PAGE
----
It was contended that to apply a 180-day limit to all sectors of the economy without going into the special problems faced by each sector would treat unequals equally and would be arbitrary and discriminatory, and therefore, violative of Article 14 of the Constitution of India. Also, picking up at random all defaults amounting to INR 2000 crore and above, as well as the fact that even a lender whose stake is only 1 per cent can stall a resolution process de hors the Insolvency Code make the circular manifestly arbitrary and violative of Article 14 on this score as well.
It was argued that the impugned circular was ultra vires the provisions of those Acts. According to him, Section 35A and Section 35AB of the Banking Regulation Act cannot possibly be the source of power for the impugned circular. Section 35A was introduced by an Amendment Act of 1956 and cannot, therefore, be used to empower the RBI to relegate companies to insolvency under the Insolvency Code as it did not exist at the time, or to give directions for resolution of stressed assets.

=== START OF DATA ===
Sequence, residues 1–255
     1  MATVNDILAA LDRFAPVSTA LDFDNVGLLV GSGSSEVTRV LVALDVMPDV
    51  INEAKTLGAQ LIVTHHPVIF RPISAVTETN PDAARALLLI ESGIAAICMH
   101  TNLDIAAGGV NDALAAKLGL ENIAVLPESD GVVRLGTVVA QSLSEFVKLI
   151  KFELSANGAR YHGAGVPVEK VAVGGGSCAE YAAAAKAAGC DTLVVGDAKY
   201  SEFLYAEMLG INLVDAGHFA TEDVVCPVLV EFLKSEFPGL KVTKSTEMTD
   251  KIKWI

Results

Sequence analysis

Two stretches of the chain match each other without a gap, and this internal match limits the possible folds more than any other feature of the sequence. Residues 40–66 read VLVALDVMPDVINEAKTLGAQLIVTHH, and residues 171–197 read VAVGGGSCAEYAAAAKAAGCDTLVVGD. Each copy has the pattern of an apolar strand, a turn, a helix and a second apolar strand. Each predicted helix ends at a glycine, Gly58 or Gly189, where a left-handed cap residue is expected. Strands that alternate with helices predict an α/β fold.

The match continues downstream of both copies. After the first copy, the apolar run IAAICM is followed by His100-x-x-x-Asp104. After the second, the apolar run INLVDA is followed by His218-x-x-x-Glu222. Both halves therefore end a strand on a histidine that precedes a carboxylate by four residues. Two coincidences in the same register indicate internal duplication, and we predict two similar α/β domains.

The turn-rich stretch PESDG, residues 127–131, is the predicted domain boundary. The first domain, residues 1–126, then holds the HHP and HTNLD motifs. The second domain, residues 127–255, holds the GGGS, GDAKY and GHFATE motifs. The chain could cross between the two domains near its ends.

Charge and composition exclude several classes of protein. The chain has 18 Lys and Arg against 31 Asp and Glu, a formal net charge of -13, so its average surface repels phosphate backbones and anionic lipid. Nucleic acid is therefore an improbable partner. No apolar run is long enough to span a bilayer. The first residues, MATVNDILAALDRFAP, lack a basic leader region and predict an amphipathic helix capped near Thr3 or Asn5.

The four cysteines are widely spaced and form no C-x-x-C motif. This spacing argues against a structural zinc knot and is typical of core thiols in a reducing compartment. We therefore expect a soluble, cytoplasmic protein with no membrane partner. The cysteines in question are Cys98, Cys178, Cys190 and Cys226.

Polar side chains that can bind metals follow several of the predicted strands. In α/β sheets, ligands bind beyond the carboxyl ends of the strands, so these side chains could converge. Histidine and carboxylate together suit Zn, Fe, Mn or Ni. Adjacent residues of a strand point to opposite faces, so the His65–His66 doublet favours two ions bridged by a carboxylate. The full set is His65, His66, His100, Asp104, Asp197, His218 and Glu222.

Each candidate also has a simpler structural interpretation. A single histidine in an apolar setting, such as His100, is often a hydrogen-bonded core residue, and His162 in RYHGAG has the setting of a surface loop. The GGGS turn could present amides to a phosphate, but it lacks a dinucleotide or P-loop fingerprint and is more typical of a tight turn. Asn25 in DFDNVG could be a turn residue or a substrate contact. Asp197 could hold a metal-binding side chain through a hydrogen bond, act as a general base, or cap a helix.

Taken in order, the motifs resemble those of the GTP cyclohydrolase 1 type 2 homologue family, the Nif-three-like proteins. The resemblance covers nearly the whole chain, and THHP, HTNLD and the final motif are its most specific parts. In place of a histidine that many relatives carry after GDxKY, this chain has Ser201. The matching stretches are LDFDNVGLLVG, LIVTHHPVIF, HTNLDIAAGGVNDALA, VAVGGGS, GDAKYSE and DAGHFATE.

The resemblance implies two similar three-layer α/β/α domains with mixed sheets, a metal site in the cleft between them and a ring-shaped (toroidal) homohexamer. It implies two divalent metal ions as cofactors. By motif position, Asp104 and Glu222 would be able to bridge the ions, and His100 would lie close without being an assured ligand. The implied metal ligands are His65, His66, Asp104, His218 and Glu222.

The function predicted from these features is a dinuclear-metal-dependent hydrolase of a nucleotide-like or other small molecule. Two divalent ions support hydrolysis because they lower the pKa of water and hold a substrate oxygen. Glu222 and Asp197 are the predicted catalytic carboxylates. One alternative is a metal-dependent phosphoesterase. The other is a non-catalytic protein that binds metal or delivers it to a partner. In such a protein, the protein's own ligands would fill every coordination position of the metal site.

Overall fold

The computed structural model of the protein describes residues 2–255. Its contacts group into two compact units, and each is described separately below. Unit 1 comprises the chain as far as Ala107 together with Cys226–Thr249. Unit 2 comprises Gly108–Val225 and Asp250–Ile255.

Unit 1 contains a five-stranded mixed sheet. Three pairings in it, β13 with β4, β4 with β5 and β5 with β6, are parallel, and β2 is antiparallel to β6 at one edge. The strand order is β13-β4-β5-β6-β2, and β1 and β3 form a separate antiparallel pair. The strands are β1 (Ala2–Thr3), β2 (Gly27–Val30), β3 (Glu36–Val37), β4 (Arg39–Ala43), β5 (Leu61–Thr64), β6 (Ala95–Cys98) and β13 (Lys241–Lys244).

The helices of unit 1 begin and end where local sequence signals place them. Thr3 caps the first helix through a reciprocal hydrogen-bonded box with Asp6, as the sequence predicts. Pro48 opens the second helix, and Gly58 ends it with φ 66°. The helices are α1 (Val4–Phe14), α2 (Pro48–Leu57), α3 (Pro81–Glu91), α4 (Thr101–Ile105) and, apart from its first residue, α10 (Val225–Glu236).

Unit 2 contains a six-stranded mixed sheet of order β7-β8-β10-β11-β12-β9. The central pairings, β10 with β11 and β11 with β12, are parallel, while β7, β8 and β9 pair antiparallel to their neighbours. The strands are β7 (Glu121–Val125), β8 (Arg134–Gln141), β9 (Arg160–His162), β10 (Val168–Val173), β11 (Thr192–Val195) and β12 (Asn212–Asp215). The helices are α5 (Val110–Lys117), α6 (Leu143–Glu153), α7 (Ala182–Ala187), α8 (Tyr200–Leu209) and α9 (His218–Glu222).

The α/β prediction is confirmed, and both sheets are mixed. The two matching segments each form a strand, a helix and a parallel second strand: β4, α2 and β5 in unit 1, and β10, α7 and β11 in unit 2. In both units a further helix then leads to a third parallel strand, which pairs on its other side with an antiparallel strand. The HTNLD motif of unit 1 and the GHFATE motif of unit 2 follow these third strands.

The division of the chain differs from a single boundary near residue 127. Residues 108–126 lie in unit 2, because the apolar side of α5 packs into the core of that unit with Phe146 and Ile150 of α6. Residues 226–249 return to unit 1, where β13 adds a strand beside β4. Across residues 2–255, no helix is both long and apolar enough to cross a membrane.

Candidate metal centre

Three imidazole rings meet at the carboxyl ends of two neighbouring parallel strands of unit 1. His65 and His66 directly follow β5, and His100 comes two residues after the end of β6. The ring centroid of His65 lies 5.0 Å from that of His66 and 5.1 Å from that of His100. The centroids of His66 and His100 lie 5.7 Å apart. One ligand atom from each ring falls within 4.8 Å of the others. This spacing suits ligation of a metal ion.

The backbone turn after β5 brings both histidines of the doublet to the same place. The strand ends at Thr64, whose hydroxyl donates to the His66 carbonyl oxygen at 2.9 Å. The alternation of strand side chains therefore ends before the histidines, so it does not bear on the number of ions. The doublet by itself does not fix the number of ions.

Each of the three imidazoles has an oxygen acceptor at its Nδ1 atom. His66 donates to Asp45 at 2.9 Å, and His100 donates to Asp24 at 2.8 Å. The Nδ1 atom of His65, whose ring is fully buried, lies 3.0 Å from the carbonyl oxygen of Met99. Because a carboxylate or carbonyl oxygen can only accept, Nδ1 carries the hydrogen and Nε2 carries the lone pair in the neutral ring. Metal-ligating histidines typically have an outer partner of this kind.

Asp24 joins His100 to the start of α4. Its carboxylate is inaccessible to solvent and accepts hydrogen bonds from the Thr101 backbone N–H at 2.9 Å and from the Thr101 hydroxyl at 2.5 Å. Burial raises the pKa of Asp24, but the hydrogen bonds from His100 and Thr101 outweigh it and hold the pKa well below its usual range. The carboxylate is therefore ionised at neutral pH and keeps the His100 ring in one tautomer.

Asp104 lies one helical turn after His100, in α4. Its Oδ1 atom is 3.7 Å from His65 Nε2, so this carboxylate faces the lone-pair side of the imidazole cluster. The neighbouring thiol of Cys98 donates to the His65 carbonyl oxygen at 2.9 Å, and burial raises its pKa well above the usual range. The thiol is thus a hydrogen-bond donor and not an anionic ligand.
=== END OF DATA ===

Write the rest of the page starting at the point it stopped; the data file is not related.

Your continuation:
The Hon’ble Supreme Court observed that when it comes to lack of any guidelines by which the power given to the RBI is to be exercised, it is clear from a catena of judgments that such guidance can be obtained not only from the Statement of Objects and Reasons and the Preamble to the Act, but also from its provisions.
Accordingly, the Hon’ble Supreme Court rejected the pleas of constitutional validity.
The Hon’ble Supreme Court observed that generally, statutes are recognised as Acts of Parliament that should be deemed to be “always speaking”. However, guidance on whether a statute can apply to new situations not in contemplation of Parliament when the statute was enacted was set out in a UK judgment
The Hon’ble Supreme Court opined that even a cursory reading of Section 35A makes it clear that there is nothing in the aforesaid provision which would indicate that the power of the RBI to give directions, when it comes to the Insolvency Code, cannot be so given.
The Hon’ble Supreme Court observed that Section 35AA makes it clear that the Central Government may, by order, authorise the RBI to issue directions to any banking company or banking companies when it comes to initiating the insolvency resolution process under the provisions of the Insolvency Code. The first thing to be noted is that without such authorisation, the RBI would have no such power. There are many sections in the Banking Regulation Act which enumerate the powers of the Central Government vis-à-vis the powers of the RBI.